US Agency Sues Major Cryptocurrency Exchange

The U.S. Securities and Exchange Commission (SEC) on June 6 sued one of the largest cryptocurrency platforms in the world, sending the company’s stock down.

Coinbase, the platform, has been operating its crypto platform without registration, violating federal law, according to the lawsuit.

“Coinbase has never registered with the SEC as a broker, national securities exchange, or clearing agency, thus evading the disclosure regime that Congress has established for our securities markets,” the suit, filed in federal court in New York, states. “All the while, Coinbase has earned billions of dollars in revenues by, among other things, collecting transaction fees from investors whom Coinbase has deprived of the disclosures and protections that registration entails and thus exposed to significant risk.”

The Securities Exchange Act of 1934 requires companies to register with the SEC if it meets certain criteria, such as having assets valued at more than $10 million and issuing securities.

Coinbase operates a platform through which people can buy and sell cryptocurrencies like Bitcoin. Millions of dollars flow through the platform each day. Other features include “staking” assets and earning profits by allowing the assets to be used for crypto trading.

That’s one of the services Coinbase should have, but failed to, register, according to the SEC.

“Coinbase never registered its staking-as-a-service program as required by the securities laws, again depriving investors of critical disclosure and other protections,” Gary Gensler, chair of the SEC, said in a statement.

Coinbase also should have registered because it issues securities, authorities said. Securities are defined in part as investment contracts, or pacts through which people invest money and expect profits. At least 13 assets that Coinbase offers meet the definition, according to the complaint, including tokens from Axie Infinity, Filecoin, and Voyager.

Coinbase knew that assets it offered could be designated as securities, including releasing a document in 2016 that cited a U.S. Supreme Court case that outlined how to determine if an arrangement involved an investment contract. The document stated that such a contrast is a type of security and that at least some tokens likely met the definition. Coinbase later asked developers of assets to answer questions that would provide answers relevant to the Supreme Court’s ruling. And the company also formed a group in 2019 that it said was aimed at providing “a fact-intensive analysis” to see whether certain cryptos were securities.

“Coinbase was fully aware of the applicability of the federal securities laws to its business activities, but deliberately refused to follow them. While Coinbase’s calculated decisions may have allowed it to earn billions, it’s done so at the expense of investors by depriving them of the protections to which they are entitled. Today’s action seeks to hold Coinbase accountable for its choices,” Gurbir Grewal, another SEC official, added.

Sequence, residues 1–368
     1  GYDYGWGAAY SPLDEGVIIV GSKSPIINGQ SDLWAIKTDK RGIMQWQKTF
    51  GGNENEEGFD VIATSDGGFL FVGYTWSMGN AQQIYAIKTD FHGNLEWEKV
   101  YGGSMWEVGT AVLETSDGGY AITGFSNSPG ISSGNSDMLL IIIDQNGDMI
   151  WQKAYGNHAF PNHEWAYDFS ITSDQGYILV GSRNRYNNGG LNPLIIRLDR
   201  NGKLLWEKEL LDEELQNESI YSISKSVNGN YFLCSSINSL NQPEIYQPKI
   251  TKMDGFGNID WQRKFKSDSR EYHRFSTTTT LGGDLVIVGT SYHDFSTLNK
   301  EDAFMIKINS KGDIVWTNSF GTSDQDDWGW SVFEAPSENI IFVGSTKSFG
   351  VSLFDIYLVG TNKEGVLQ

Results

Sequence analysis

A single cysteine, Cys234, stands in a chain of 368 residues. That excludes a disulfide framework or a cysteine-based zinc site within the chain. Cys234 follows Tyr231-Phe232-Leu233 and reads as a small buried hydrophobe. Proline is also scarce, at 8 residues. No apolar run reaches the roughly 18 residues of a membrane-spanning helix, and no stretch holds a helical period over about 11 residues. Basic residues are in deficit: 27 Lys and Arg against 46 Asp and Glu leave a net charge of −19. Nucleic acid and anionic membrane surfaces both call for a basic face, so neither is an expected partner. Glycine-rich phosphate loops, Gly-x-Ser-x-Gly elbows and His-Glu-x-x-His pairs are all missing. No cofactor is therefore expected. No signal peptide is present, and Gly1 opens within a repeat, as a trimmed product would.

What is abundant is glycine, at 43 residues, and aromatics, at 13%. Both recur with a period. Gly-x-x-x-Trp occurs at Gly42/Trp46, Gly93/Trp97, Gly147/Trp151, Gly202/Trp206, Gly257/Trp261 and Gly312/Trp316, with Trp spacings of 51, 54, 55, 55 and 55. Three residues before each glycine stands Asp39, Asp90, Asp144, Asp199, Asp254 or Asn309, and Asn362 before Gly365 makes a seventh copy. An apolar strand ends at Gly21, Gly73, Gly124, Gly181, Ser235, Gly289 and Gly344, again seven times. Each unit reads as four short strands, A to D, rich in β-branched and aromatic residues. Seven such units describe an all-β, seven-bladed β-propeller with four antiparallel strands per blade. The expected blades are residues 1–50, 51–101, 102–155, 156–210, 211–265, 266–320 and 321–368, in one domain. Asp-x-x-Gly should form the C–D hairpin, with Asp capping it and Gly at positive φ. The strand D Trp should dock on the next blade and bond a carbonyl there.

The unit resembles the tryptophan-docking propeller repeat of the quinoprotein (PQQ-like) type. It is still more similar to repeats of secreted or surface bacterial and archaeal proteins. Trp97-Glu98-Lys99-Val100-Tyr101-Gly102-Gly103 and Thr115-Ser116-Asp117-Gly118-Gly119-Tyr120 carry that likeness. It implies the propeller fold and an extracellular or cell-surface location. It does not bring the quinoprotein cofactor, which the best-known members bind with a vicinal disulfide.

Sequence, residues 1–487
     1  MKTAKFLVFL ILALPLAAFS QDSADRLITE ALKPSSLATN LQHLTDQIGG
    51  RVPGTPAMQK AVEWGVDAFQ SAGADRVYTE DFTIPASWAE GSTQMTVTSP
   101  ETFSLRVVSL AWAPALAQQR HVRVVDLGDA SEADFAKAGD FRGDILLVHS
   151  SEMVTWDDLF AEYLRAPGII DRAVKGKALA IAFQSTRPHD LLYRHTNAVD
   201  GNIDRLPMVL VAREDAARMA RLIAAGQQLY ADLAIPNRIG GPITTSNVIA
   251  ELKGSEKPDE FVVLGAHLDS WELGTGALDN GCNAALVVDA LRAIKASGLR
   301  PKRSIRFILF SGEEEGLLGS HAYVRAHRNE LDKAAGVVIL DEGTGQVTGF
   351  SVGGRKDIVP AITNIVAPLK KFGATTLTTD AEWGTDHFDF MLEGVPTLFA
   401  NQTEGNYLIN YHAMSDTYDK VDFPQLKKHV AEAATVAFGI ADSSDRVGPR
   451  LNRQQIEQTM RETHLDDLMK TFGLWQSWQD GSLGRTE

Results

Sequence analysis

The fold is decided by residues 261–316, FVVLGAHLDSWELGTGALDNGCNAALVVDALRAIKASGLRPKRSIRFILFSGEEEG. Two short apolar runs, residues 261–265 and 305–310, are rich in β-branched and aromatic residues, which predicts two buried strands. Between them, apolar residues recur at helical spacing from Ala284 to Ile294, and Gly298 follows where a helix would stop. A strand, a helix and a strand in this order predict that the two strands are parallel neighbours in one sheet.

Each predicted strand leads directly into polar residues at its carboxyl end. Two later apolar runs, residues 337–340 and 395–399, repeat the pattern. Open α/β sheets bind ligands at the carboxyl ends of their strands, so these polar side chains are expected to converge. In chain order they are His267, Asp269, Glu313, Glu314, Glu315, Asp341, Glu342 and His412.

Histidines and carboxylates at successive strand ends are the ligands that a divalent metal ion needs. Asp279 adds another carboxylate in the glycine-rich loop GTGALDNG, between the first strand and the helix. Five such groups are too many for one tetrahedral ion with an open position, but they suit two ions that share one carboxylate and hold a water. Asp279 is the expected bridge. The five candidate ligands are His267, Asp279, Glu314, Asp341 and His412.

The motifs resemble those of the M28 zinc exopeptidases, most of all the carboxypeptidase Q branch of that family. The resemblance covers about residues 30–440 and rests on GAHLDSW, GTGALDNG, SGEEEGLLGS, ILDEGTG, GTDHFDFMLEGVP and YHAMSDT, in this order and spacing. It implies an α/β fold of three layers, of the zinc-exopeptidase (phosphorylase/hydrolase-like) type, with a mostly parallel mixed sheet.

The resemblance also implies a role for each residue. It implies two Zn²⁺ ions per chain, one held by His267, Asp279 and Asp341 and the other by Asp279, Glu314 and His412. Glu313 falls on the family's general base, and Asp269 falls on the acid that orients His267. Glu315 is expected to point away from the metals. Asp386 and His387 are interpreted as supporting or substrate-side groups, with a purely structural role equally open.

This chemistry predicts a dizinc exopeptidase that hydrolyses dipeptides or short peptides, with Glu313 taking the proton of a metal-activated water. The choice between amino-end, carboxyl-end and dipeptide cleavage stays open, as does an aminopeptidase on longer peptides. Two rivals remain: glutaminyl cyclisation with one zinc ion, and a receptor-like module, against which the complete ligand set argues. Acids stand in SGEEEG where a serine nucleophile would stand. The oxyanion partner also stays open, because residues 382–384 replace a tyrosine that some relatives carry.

Coinbase responded by calling for updated legislation from Congress.

“The SEC’s reliance on an enforcement-only approach in the absence of clear rules for the digital asset industry is hurting America’s economic competitiveness and companies like Coinbase that have a demonstrated commitment to compliance,” Paul Grewal, Coinbase’s chief legal officer and general counsel, said in an emailed statement to The Epoch Times. “The solution is legislation that allows fair rules for the road to be developed transparently and applied equally, not litigation. In the meantime, we’ll continue to operate our business as usual.”

SEC officials said regulators in 10 states helped them investigate Coinbase, including regulators in Alabama, California, Maryland, Vermont, and Wisconsin.

Request to Court

U.S. officials want the court to step in and bar Coinbase from continuing its crypto services without registration.

“Unless Defendants are permanently restrained and enjoined, there is a reasonable likelihood that they will continue to engage in the acts, practices, transactions, and courses of business set forth in this complaint and in acts, practices, transactions, and courses of business of similar type and object in violation of the federal securities laws,” the suit states.

The SEC is also asking the court to hand over money described as “ill-gotten gains” to the government, as well as pay additional penalties for the alleged violations of the law.

The total sum of the requested payments was not detailed.

Coinbase recently reported that it drew $773 million in revenue in the first quarter, up 23 percent from the previous quarter. Most of the income came from consumer transactions and income on interest. The majority of consumer transactions were exchanging dollars for crypto or vice versa, though crypto-for-crypto exchanges were also made.

Prices Drop

Coinbase stock prices dropped in the wake of the lawsuit, down about 9 percent from the previous day.

Prices for Bitcoin, the most popular crypto, also went down initially, to about $25,400, but rebounded later in the morning to around $26,000.

Trading was still possible on Coinbase on Tuesday.

Coinbase describes itself as offering “a trusted and easy-to-use platform for accessing the broader cryptoeconomy.” The company started in 2012 and now operates in more than 100 countries.

From The Epoch Times

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